[26]  However, the appellant submits that, since 2013, the CNSC has changed its approach to the release of source term information. The appellant submits the CNSC’s new proposed requirements include “assist[ing] offsite authorities in emergency planning by providing a planning basis that includes release and source term information.” [7] The appellant also refers to an updated regulatory guide, which requires public disclosure of a summary of probabilistic risk assessment results unless the information is security sensitive. [8]

[27]  The appellant also notes instances in which the CNSC released source term information, some of which includes information that would be responsive to the request that is the subject of this appeal.

[28]  The appellant submits that, in light of this “dramatic change” to CNSC’s approach to the release of source term information, including its release of information that forms part of this appeal, the IPC should examine the Act  ’s application in this case.

[29]  In the alternative, the appellant submits that even if issue estoppel is found to apply, the IPC should exercise its discretion to hear the appeal. The appellant submits, “In light of the significant changes to the factual circumstances underlying disclosure of source term information, particularly the CNSC’s approach to the release of source term information, and the lessons from the Fukushima disaster, it would cause unfairness or work an injustice if the IPC refused to consider the appeal.”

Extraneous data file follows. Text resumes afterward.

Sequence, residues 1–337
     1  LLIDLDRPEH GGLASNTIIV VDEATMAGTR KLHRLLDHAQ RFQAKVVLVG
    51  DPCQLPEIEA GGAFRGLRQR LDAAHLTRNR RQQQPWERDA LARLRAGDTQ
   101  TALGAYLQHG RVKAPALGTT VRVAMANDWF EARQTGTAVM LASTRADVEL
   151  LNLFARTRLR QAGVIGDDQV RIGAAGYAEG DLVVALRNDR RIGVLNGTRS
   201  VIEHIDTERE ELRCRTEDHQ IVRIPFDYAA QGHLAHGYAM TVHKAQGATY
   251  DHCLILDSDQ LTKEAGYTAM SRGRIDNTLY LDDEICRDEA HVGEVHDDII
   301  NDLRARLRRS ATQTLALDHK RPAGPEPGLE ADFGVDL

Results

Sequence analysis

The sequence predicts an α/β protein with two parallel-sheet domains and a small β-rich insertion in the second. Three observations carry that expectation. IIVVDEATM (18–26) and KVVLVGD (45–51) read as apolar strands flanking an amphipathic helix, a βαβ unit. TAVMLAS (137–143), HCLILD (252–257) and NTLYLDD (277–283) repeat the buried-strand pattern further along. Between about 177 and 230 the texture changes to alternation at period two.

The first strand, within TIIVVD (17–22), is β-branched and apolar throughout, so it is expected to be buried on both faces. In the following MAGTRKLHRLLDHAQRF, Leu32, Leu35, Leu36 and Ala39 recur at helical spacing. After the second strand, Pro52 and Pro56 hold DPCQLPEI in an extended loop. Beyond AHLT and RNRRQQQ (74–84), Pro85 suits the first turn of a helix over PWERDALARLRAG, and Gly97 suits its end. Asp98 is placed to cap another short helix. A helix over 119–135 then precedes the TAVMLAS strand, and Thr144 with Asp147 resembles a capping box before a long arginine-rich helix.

[30]  As noted above, the appellant submitted additional supplementary representations to support its position that the circumstances underlying Order PO-2960-I have changed. Specifically, the appellant submits, “several new documents have been released to the public which contain source term information and accident sequences.” The appellant identifies the following four documents the CNSC and Ontario government have released to the public:

  1. The CNSC released a letter to Ontario’s Office of the Fire Marshal and Emergency Management in response to an Access to Information Act   [9] (ATIA  ) request which provides the CNSC’s guidance on the source term to be used to revise the Provincial Nuclear Energy Response Plan, the accident analysis and assumptions, and source term data. The appellant submits that the source term data was generated from the results of the 2011 Darlington Probabilistic Risk Assessment.